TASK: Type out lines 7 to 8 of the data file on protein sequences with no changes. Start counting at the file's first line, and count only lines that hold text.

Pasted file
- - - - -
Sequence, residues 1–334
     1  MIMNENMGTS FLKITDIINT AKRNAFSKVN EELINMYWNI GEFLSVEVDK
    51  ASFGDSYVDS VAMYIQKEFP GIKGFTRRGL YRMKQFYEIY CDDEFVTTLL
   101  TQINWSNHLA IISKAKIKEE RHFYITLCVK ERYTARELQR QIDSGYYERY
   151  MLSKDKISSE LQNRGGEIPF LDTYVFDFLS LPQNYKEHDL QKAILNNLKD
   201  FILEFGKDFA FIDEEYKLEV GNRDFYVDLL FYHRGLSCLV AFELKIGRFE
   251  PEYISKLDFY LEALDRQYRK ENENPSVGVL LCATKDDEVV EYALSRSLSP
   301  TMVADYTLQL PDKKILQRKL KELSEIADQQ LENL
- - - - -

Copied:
   251  PEYISKLDFY LEALDRQYRK ENENPSVGVL LCATKDDEVV EYALSRSLSP
   301  TMVADYTLQL PDKKILQRKL KELSEIADQQ LENL